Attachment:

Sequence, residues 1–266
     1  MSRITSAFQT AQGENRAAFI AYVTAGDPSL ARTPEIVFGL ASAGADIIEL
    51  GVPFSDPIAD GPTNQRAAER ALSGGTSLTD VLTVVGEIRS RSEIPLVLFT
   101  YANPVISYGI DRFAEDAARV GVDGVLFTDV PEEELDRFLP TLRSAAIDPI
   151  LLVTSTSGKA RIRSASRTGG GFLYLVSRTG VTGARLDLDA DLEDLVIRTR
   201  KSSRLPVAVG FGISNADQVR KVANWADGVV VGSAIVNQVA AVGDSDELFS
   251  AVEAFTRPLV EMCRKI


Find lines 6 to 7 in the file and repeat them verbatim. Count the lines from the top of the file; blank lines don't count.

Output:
   201  KSSRLPVAVG FGISNADQVR KVANWADGVV VGSAIVNQVA AVGDSDELFS
   251  AVEAFTRPLV EMCRKI